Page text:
Here are the words:

May he support us all the day long, Till the shades lengthen and the evening comes and the busy world is hushed and the fever of life is over and our work is done – Then in his mercy – May he give us a safe lodging and a holy rest and peace at the last.


The second selection is called: Morning Prayer from Africa.  The words to this song is also found in the above mentioned prayer book, same section, but the author is unknown as far as I could ascertain.  The music is a little jazzy to fit the interpretation, that is why I have chosen the oboe to play the voice part.

O God, you have let me pass the night in peace, Let me pass the day in peace wherever I may go upon my way which you made peaceable for me.  O God, lead my steps.  When I have spoken, keep lies away from me.  When I am hungry, keep me from murmuring.  When I am satisfied, keep me from pride.  Calling upon you, I pass the day, O Lord, who has no Lord.


The third selection is one of my own lyrics, called: In The Silence Of The Night, reflecting on my own prayer experiences.  I will wait until I have the singer before I post the words.  The melody is in three parts.  The melody to the  first part repeats.  The melody to the second part descends in staircase fashion but follows a 5-3-4-2-3-1 pattern.  The melody in the third part, which repeats, mimics the second part by descending, but follows a 5-7-3-5-1-3 pattern.  The first melody ends the piece with repeat.  The cello plays the voice part.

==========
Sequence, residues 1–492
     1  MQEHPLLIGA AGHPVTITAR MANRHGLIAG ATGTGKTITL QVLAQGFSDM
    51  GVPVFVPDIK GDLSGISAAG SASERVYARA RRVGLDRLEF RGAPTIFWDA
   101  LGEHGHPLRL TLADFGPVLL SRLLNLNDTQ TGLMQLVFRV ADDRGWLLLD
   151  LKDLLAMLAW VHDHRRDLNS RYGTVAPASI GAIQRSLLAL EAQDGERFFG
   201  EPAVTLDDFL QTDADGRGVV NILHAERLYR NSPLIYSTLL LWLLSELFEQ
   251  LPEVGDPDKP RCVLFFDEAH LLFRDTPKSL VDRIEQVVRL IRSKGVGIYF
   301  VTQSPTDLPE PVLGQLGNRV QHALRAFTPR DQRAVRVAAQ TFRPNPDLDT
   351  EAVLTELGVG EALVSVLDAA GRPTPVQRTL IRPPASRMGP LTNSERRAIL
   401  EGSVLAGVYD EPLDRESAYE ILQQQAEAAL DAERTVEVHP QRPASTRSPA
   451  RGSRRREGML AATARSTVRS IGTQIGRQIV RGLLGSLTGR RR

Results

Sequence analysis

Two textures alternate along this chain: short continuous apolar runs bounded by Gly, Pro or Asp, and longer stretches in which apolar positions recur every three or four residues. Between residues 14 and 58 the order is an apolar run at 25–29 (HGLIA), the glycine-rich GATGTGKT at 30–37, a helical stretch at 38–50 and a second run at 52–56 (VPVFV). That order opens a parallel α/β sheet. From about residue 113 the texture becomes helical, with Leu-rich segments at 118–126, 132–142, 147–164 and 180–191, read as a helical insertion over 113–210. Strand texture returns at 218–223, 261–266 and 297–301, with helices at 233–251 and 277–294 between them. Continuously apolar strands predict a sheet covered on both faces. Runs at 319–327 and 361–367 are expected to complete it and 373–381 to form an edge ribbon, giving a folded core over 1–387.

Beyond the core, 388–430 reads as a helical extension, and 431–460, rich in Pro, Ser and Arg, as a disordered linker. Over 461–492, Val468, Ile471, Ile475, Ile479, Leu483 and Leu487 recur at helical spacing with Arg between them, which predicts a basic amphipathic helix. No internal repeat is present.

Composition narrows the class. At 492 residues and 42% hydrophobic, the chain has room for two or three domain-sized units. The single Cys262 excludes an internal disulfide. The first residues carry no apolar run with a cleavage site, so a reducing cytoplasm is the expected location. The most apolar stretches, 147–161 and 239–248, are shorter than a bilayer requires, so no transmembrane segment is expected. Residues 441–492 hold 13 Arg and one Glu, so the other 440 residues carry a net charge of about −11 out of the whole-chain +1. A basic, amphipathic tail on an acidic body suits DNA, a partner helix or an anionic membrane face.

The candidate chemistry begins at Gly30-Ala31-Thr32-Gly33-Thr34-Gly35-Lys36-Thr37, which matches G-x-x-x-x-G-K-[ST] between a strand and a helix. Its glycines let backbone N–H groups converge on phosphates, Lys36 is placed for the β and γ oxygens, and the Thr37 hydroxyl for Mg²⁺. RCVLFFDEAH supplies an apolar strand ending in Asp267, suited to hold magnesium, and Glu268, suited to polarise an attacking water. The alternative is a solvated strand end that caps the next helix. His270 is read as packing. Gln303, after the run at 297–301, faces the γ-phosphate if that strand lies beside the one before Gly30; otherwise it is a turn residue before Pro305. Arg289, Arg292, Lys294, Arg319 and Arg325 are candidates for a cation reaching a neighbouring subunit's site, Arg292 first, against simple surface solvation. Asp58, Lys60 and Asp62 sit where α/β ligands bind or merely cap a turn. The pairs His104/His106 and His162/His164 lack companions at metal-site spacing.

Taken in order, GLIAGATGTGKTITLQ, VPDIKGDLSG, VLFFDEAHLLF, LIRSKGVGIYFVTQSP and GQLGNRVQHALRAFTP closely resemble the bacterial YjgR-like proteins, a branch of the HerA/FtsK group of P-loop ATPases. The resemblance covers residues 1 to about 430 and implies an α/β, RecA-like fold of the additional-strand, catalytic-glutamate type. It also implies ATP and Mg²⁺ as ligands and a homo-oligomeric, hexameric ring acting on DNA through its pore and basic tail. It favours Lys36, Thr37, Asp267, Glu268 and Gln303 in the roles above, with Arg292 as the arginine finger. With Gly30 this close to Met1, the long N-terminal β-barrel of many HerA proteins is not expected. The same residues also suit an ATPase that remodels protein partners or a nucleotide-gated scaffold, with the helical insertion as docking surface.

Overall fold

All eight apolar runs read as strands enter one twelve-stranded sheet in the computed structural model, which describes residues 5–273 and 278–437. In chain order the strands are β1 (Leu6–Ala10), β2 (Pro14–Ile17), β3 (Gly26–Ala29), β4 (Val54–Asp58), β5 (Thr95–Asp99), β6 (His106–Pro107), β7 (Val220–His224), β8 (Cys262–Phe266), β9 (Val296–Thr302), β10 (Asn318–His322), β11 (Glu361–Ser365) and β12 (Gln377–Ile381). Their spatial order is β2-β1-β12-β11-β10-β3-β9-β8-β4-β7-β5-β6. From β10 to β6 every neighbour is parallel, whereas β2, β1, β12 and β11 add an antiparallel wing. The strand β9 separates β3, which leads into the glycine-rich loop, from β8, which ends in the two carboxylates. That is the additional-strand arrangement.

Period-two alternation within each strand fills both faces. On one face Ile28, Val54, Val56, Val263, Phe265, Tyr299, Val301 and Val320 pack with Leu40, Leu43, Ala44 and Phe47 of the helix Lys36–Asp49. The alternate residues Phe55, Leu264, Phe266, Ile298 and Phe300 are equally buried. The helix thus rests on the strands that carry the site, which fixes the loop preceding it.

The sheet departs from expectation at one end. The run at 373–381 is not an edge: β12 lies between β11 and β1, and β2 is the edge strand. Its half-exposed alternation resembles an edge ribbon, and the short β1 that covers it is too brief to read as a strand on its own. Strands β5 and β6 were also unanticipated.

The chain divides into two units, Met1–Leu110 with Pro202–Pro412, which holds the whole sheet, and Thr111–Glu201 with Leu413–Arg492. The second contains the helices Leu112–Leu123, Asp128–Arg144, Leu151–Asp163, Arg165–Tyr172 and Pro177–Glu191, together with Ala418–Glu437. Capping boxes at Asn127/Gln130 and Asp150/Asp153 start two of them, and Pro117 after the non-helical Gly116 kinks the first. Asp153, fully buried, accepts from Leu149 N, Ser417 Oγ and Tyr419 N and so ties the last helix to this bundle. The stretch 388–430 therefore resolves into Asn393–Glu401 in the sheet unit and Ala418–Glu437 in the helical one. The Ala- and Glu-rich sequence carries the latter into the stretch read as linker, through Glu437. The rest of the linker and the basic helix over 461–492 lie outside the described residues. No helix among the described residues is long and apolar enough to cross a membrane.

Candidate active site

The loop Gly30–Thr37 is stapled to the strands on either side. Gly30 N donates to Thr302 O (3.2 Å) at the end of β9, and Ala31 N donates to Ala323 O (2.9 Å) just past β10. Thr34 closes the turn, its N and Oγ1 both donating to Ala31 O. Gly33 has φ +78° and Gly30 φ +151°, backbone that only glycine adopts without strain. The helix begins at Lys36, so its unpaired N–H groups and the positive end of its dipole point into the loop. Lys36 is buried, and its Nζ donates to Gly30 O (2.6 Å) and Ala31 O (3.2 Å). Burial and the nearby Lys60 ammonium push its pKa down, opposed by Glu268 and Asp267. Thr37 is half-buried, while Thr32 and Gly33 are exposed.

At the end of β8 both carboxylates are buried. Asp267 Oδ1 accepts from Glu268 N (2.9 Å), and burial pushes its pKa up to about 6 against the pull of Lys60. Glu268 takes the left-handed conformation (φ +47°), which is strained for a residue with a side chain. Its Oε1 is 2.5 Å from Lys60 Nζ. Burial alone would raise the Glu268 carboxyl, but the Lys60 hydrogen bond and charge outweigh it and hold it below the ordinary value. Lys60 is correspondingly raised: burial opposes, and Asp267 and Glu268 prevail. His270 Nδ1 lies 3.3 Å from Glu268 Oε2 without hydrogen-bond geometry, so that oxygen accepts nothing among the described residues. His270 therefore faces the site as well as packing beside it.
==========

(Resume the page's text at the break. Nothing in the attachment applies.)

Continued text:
The last selection is called: Brown Spring.  The lyrics were written by my friend Johanna Humphrey in 1960 in a separate selection of hers.  I promised to write a song using her poems, and this piece keeps that promise.  The oboe plays the voice part in this piece.

I saw a topaz flo’r this morn, when airy puffs rough jostled at its stem.  I hear the minstrels of God’s sky this day,  A Paean, a full throat-ed hymn!  I felt a starkness unfoiled trees at noon, their wind beat coats were being sun-washed down, a single green of grass in solitude made contrast with the earth still brown.

I tasted nectar sweetened breaths of dew, which ran diffusely into hidden rills, I sensed that earthly smell of growing newness, that soon will penetrate the ancient hills.  I knew cruel Frost would abdicate her throne; her chilly fingers gathered up her gown; beneath the shroud which velvet evening brings, she left behind the earth still brown.


I hope you have enjoyed my music.  Please visit this site again where I try to post new music every month or so.

Thank You!

ART GALLERY – January 2018

Welcome to my Art Gallery!

In this presentation are my latest paintings and drawings.

These series contain a variety of subjects and media and technique.  I hope you enjoy them!